BUSINESS WOMEN IN
VICTORIAN HASTINGS & ST LEONARDS
Owners of private schools
Prior to the introduction of state education in 1870 there were four types of school: endowed, church, ragged and private.
Endowed schools and ragged schools (founded 1844) were set up to benefit those who could not afford to pay for schooling and were funded by philanthropists. The vast majority of endowed schools, however, were for boys only.
National Schools were owned and run by the Church of England on religious principles and British and Foreign Schools were run by nonconformist churches. National and British Schools both opened in Hastings in 1835.
By the time Queen Victoria ascended the throne, there were already a number of private schools in Hastings that were owned by women. The owners and (where employed) teachers were unqualified and untrained, but had themselves been taught by private governesses and tutors or at similar schools.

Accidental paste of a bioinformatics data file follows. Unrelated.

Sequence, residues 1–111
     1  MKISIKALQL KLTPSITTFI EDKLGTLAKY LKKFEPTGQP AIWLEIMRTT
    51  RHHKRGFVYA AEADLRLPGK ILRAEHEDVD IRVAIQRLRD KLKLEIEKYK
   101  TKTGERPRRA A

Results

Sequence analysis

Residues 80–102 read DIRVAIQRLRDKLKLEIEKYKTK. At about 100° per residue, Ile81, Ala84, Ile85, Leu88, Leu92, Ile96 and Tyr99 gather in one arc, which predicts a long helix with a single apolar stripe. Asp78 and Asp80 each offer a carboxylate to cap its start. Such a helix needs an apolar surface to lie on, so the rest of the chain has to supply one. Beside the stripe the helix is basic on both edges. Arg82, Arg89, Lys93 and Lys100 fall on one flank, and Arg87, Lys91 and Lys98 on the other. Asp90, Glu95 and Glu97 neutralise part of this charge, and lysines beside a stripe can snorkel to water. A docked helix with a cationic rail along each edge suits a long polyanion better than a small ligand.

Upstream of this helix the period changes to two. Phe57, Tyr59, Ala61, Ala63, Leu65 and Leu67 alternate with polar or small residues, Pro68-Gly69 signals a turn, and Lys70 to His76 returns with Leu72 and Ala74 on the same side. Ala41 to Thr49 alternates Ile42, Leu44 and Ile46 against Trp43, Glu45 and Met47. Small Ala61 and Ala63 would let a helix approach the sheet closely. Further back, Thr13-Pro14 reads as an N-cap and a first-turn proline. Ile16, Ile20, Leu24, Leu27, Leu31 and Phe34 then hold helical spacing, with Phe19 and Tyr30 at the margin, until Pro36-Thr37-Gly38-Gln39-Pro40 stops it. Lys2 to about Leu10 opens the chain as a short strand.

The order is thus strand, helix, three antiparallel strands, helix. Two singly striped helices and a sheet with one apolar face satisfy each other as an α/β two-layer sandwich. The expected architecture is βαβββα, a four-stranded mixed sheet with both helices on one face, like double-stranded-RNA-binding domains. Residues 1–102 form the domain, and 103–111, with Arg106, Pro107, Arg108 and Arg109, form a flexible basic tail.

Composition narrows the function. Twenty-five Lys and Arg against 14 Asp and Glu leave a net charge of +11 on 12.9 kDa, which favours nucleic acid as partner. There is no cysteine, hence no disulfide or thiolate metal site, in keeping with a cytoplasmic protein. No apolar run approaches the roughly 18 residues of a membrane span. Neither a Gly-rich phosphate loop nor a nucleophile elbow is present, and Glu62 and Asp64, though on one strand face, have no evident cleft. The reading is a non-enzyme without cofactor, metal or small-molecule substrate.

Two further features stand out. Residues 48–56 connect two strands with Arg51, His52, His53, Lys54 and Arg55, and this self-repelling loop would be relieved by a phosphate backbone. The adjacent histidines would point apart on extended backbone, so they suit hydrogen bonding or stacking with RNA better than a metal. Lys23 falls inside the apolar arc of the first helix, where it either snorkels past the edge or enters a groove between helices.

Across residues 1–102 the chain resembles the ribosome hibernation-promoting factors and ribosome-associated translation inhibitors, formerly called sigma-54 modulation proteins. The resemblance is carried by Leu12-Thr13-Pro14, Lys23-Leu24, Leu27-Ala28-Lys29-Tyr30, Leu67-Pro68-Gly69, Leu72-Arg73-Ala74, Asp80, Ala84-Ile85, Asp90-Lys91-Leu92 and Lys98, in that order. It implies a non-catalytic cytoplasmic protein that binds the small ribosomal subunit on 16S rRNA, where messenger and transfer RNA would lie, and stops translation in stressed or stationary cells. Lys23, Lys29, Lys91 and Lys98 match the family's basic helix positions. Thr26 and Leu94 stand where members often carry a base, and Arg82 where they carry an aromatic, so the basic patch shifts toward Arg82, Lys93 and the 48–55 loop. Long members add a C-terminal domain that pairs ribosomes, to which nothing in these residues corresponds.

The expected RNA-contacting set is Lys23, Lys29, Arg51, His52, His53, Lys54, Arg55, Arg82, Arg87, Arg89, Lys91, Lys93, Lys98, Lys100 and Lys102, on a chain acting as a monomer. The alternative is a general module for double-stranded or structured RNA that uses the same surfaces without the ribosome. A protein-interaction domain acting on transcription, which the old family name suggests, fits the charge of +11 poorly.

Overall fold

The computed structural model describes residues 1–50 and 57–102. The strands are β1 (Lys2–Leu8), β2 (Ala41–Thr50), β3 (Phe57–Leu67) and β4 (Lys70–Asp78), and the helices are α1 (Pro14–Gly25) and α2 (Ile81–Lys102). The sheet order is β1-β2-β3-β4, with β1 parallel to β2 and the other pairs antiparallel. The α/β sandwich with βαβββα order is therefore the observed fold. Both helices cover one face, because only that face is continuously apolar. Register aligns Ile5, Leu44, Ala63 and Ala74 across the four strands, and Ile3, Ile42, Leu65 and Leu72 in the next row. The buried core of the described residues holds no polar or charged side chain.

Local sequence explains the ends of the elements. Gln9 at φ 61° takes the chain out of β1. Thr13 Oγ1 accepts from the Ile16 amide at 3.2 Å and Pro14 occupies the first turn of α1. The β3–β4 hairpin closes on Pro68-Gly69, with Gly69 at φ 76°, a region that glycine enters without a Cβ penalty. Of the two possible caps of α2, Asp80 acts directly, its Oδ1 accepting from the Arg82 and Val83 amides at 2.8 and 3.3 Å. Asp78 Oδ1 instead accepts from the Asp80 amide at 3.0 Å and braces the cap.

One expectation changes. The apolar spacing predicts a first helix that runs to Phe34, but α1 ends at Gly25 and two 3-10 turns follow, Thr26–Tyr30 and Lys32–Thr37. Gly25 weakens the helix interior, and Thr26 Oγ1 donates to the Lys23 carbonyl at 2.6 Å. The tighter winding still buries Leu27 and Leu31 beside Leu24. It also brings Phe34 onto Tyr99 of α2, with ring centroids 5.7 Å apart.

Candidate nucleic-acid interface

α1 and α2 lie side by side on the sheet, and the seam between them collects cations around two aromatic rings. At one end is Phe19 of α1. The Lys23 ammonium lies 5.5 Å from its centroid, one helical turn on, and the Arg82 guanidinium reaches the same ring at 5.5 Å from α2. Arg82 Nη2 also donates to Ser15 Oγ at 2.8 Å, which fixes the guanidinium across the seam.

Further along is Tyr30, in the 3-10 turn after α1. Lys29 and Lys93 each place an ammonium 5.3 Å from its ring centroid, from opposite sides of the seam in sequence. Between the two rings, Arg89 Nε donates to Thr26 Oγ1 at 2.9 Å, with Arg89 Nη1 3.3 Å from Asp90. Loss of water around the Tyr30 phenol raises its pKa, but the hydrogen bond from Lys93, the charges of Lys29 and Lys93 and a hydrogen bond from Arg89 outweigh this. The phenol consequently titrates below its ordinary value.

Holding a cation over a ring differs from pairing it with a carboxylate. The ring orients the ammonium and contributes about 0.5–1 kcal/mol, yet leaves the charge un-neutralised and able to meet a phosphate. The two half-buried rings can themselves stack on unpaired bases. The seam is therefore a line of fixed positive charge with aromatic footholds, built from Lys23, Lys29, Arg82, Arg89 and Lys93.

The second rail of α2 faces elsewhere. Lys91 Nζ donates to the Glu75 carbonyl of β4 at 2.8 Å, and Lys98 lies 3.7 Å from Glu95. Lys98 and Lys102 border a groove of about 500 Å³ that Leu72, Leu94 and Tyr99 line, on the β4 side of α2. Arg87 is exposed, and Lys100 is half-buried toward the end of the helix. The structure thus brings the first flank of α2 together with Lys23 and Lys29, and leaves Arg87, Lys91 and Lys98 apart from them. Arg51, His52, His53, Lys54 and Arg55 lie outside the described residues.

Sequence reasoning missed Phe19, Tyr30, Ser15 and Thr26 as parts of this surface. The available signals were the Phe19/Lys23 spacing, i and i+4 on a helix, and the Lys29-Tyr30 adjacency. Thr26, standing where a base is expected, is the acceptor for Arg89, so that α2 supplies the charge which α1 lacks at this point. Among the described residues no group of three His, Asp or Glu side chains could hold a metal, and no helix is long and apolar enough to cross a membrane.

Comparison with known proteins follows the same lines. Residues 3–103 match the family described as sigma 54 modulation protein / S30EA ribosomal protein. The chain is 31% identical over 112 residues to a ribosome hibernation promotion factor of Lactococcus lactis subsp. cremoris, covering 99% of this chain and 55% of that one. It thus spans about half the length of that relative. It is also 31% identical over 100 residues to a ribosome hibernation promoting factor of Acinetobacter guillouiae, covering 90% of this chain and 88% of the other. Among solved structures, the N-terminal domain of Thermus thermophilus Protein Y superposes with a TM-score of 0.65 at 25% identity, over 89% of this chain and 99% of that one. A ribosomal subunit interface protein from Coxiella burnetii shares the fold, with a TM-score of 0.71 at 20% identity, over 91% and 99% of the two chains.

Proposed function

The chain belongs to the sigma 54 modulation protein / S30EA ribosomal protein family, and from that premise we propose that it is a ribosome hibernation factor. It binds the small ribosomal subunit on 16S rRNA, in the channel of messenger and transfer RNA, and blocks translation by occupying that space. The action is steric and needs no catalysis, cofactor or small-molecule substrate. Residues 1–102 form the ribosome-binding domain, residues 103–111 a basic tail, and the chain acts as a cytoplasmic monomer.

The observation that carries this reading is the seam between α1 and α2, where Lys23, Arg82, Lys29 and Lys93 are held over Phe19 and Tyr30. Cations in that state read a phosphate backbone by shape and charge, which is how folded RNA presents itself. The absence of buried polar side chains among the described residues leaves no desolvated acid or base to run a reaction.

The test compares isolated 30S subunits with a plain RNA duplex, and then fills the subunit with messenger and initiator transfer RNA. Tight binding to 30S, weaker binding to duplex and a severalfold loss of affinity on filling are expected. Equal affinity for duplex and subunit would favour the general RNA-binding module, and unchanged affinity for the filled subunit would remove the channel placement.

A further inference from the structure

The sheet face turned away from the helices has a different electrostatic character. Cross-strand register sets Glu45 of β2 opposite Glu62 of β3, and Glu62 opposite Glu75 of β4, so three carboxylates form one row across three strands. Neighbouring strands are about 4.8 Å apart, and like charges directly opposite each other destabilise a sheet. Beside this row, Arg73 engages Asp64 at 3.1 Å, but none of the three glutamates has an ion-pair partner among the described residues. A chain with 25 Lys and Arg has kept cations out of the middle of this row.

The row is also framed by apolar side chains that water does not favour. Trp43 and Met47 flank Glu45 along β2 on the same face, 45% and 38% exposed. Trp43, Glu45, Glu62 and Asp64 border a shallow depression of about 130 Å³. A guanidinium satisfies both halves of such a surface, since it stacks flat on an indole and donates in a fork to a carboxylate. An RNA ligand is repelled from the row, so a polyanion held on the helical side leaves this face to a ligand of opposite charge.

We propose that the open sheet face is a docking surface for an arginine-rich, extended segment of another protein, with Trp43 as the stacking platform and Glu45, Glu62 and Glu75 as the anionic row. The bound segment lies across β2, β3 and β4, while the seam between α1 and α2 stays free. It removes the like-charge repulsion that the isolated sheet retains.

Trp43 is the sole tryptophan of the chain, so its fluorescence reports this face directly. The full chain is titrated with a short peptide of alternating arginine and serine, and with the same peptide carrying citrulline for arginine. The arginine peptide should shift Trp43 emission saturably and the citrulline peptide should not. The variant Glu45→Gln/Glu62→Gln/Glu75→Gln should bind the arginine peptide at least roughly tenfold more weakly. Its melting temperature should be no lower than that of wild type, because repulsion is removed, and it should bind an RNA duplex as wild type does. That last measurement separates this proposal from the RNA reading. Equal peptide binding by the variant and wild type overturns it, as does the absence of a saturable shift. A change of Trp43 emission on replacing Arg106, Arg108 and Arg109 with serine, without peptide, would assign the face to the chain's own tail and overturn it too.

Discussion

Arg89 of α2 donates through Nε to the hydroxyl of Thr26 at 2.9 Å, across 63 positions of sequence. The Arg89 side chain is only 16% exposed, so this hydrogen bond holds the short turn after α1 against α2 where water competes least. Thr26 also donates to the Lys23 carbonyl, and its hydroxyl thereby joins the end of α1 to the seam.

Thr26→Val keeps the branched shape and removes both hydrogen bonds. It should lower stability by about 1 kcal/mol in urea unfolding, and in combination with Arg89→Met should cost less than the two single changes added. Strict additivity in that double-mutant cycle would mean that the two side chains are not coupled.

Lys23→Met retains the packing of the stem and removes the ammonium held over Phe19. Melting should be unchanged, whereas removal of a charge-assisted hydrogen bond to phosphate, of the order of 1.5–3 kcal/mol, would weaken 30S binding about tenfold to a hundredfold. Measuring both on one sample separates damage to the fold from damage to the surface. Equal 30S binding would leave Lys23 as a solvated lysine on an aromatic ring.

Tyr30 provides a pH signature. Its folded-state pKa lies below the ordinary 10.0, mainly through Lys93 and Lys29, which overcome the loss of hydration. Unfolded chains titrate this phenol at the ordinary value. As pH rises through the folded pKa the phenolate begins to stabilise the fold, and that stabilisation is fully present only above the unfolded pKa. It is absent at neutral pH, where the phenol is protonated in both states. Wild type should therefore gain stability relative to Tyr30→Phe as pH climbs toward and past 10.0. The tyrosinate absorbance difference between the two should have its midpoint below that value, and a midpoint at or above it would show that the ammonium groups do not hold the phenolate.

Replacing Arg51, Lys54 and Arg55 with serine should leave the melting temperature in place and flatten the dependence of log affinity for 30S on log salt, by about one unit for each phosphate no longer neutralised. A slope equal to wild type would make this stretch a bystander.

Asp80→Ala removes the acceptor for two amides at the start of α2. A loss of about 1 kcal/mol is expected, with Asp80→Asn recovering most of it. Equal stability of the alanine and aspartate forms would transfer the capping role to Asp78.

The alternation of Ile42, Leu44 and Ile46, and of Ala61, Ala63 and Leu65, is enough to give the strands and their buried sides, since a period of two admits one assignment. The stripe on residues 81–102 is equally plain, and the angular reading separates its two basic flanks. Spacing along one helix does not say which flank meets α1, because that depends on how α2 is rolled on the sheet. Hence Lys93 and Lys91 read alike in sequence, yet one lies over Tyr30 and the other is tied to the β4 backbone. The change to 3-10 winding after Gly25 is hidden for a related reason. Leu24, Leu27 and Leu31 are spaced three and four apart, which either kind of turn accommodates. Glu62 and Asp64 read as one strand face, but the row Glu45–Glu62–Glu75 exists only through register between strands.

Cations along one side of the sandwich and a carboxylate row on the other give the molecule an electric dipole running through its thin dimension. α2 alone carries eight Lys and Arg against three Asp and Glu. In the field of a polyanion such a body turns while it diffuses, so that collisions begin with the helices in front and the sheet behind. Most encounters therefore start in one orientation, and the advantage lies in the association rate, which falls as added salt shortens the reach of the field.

Private schools, 1839
Boarding school: 2 Wellington square: Sarah Bray
Private school: 115-6 High street: Misses Clarke
Private school: 81 High street: Miss Jackson & Miss Dunk
Private school: 55 Marina: Ann Edgar
Seminary: Misses Eliza, Margaret & Jane Twiddy, 81 High street
Seminary: Mrs. And Miss Blogg, 115 High street
Seminary: Miss Whistler, High street
Seminary: Miss Dunk, Castle hill
West Hill Preparatory: Laura Phillips
Preparatory school for gents: Miss Lydia Borrow, 117 High street. (Lydia and her sister Martha ran this highly-regarded school from 1837 to 1874.)
As the years progressed seminaries became numerous and the censuses show that children were sent from all over the world to be educated in Sussex.
Bessie Rayner Parkes
Dr Sophia Jex Blake
Dr Elizabeth Blackwell
Dr Anna Kingsford